Embracing Avolites

9 January 2006

UK - Dom Smith chose an Avolites Diamond 4 console to control the lightshow for Embrace's recent arena tour. The show was designed by Bryan Leitch, the tour's artistic director, who worked closely with Smith as lighting programmer and on-the-road lighting director.

It was Smith's first full production tour with Embrace following some DVD work in the preceding months, and the equipment was supplied by leading UK rental company, Siyan. Leitch completed the design after consulting with the band's lead singer Danny McNamara.

Specification of the control gear was left to Smith who chose his favourite console - the Avolites Diamond 4. Smith, one of the UK's leading young LD's, was one of the first to take Avo's most powerful console on the road - initially with the Stone Temple Pilots in 2003. Since then, he's not used another console.

Lighting wise, the stage started bare and dark and became busier as the show progressed, ending with the rig finally 'coming together' in its entirety for the final third of the set. Integral to this was a team of student lighting techs from Rose Bruford College's lighting design degree course who were part of the performance. They 'built' the rig as the show progressed, appearing to 'fix' lights and bring more onstage as time went on. This random structuring, explains Smith, led to the show running to a slightly different pace each night, leaving room for plenty of improvisation - where the D4 excels, says the company.

Overhead was a box truss with two sub-hung moving trusses. The upstage moving one featured eight SGM Giotto CMY400s and a series of 4-lamp Molefeys, and the downstage one came in and out with a scrim for video projections by Mark Video.

Off the front of the box truss were another four Giotto CYMs and some Studio Due CS4 moving battens. The front truss featured six bars of PARS, 12 Martin MAC 600s, 4 truss-mounted spotlights and a 1.5m diameter ball.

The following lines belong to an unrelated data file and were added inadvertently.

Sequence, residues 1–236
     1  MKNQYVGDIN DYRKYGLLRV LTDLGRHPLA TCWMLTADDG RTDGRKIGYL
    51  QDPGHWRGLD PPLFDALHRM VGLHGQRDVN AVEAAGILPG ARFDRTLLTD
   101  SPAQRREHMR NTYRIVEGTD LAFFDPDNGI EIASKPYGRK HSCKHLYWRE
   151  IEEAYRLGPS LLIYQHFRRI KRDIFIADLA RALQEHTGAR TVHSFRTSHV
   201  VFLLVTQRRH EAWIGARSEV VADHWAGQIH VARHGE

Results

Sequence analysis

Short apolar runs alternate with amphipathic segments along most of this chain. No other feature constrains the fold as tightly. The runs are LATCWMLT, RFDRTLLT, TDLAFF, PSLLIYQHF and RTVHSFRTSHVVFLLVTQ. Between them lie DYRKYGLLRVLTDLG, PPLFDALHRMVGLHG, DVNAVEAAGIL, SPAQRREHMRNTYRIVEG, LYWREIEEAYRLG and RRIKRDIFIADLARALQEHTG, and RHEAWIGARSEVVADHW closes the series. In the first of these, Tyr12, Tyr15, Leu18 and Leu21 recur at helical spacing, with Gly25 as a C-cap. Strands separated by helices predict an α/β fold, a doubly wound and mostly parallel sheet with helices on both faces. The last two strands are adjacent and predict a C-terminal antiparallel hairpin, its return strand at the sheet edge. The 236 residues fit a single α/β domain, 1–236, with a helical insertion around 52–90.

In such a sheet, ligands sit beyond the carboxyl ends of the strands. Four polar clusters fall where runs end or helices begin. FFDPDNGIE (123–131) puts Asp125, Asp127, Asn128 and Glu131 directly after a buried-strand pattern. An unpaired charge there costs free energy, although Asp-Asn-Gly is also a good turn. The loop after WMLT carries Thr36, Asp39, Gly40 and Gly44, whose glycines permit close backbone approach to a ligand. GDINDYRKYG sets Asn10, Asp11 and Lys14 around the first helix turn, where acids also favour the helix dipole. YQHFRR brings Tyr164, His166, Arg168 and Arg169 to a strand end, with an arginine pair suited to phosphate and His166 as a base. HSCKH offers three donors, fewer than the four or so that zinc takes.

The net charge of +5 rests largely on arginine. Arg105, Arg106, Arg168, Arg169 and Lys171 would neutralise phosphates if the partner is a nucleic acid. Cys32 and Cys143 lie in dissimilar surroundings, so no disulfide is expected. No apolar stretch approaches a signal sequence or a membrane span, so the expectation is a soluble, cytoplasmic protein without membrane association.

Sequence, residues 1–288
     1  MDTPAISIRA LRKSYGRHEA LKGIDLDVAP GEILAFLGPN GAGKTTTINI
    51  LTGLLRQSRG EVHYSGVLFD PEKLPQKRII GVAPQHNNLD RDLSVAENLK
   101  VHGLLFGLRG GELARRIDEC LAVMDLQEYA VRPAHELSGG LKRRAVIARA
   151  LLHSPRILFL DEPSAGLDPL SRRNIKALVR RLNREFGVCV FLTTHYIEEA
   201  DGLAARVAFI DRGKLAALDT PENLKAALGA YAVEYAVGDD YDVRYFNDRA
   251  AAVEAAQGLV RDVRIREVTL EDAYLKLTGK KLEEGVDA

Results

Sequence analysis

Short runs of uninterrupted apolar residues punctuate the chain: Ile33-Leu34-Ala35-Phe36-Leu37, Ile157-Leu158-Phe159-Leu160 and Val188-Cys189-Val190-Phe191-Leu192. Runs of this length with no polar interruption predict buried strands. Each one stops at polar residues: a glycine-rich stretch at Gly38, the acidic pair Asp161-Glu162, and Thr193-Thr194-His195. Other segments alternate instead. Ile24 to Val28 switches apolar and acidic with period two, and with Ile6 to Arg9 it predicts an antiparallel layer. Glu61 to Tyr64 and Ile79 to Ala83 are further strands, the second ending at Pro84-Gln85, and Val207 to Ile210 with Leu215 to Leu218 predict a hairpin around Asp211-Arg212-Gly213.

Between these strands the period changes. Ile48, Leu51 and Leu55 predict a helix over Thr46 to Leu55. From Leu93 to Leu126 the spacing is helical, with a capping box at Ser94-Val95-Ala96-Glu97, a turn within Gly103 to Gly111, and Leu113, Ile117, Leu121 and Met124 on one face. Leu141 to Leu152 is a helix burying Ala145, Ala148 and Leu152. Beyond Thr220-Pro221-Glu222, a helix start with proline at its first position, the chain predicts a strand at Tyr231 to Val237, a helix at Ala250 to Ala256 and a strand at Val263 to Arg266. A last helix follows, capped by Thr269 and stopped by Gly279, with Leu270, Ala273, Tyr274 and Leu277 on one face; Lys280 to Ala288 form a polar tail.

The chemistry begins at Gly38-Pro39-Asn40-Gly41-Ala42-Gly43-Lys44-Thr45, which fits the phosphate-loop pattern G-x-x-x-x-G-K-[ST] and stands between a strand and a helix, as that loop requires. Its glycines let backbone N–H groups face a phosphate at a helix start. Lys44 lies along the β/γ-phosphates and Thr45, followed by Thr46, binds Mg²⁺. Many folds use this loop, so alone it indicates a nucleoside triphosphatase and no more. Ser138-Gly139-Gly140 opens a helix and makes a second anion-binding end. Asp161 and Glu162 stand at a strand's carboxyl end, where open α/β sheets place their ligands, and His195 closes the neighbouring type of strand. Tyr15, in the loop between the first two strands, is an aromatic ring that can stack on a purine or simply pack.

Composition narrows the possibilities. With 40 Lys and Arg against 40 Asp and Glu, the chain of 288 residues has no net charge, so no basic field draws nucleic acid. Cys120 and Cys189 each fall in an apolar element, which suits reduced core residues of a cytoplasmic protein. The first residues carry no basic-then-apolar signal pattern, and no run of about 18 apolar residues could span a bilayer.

On the deck - by the end of the show - were several 10ft truss towers on wheels, each rigged with a strobe and PixelLine 1044 LED battens. CYM 400s were used for specials on top of four of these towers, and the back of each yielded the letters E-M-B-R-A-C-E spelled out in DWE bulbs, turned around at a strategic moment.

Also on the deck were Atomic strobes, and eight PALCO Mobile LED moving lights located upstage right behind the backline, plus six standard PALCO (static) LED floods, moved onto the stage floor by the Rose Bruford crew during the set.

At the very back, slung off the rear truss was 'Bryan's Wall', consisting of five 16ft scaff pipes rigged with Sky Pan fixtures - 2K movie lights with large reflectors and round bulbs. The spaces in between were adorned with festoons complete with super-sized globe light-sources. These stayed hidden for the start of the show, and were only revealed later by kabuki gauzes that fell away. The appearance of onstage chaos onstage was actually a very complex operation, scripted from start to finish, explains Smith.

The Diamond 4 controlled all the light-sources mentioned above, totalling 115 dimmer channels plus moving lights and LEDs. "The power, flexibility and usability of the D4 was perfect for this show," says Smith. "It's an absolutely brilliant desk and it does everything I want it to do."

(Chris Henry)

 

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